Health officials are waiting this week to learn whether two people in southern Maine have been infected with West Nile virus.

No confirmation is expected before Friday.

Blood tests done on the two people were sent to the Centers for Disease Control and Prevention in Atlanta and on to a CDC lab in Colorado for analysis.

“We’re clearly evaluating (the) cases right now,” said Dr. Stephen Sears, the state epidemiologist. “But these may turn out to be nothing. We need far more information before we’ll know.”

West Nile virus and eastern equine encephalitis are transmitted through the bite of an infected mosquito. Some birds — including songbirds and crows — can carry the viruses, spreading them into the mosquito population and, in turn, to other birds, some mammals and humans.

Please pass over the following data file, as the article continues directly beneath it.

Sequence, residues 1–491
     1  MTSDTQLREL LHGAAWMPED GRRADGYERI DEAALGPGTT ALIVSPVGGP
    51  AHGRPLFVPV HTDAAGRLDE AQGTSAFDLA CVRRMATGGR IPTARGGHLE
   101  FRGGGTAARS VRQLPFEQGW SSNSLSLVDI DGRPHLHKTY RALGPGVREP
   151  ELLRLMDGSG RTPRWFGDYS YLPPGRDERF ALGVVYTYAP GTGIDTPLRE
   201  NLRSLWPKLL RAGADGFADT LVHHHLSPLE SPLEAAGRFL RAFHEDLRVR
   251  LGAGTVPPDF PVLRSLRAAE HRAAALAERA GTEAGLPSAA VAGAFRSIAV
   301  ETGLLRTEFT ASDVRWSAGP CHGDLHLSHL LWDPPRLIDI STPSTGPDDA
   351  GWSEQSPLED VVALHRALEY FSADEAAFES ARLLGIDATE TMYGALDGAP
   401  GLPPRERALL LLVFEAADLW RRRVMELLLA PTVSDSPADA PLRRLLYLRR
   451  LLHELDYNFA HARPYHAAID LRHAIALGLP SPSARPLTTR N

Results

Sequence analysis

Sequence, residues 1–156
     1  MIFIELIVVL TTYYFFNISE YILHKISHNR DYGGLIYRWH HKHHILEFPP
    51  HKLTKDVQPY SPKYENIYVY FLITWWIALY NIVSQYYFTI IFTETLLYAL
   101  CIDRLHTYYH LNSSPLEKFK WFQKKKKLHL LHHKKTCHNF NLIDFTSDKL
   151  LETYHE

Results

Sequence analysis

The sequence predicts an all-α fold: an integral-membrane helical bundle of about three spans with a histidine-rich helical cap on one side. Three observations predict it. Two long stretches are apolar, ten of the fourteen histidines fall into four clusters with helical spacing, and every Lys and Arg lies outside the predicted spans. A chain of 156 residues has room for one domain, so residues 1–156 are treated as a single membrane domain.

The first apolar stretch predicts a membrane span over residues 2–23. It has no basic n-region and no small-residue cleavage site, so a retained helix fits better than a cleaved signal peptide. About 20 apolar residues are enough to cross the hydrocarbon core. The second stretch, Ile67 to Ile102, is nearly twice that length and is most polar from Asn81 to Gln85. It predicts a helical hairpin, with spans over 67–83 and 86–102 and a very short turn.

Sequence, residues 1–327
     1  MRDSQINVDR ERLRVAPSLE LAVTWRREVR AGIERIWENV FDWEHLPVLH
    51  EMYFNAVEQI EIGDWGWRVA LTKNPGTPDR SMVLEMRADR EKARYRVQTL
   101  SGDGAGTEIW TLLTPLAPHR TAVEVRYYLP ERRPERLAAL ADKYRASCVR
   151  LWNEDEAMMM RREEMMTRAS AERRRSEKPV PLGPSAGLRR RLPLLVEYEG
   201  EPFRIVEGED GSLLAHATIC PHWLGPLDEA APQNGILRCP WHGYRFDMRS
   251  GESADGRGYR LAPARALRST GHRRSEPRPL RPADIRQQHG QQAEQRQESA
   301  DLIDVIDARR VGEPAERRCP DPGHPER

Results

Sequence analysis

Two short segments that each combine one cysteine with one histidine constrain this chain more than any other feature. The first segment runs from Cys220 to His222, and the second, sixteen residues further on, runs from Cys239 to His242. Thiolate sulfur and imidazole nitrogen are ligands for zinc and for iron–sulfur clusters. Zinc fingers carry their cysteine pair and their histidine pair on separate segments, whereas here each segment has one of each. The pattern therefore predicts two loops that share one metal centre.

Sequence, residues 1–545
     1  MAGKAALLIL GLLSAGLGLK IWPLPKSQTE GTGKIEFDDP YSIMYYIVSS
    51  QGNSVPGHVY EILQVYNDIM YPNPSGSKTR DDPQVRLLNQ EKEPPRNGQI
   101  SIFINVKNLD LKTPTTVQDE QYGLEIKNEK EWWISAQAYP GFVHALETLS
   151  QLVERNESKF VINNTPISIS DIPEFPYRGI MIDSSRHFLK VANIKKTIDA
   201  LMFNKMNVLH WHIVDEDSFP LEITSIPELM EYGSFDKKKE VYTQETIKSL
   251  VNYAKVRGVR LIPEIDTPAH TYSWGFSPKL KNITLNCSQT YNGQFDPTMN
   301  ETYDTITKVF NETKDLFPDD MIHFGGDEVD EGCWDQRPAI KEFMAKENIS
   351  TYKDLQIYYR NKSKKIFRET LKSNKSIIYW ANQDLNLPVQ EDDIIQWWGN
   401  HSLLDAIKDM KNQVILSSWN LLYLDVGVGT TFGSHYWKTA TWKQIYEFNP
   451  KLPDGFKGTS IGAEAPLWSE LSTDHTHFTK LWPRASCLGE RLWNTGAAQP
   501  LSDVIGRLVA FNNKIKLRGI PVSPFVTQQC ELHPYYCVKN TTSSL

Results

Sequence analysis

One mosquito surveillance pool in York County tested positive for West Nile virus last week, but no human cases have been diagnosed in the state.

“It’s a matter of concern,” Sears said. “We have identified it. We now know it’s here.”

State officials are urging residents to “be aware and use mosquito precautions.” Generally, that means using some type of mosquito repellent and staying indoors from dusk to dawn, when mosquitoes are most active.

“We Mainers take mosquitoes for granted,” Sears said, but the appearance of West Nile virus in the state should be a signal to take responsible — but not fearful — precautions.

“One thing we do want to encourage people to do, is that if they see dead birds, to let us know,” said Anne Lictenwalner, director of the Animal Health Lab at the University of Maine. “We can test them.”

West Nile virus has struck “pretty heavily in New Hampshire and Massachusetts,” said Sears. “And there has been some eastern equine encephalitis in the Canadian provinces in the past,” so Maine continues to test routinely for the two diseases.

Sears said he knows of no pesticide spraying programs in Maine to date. He said any decision to do so would be made on the local level.

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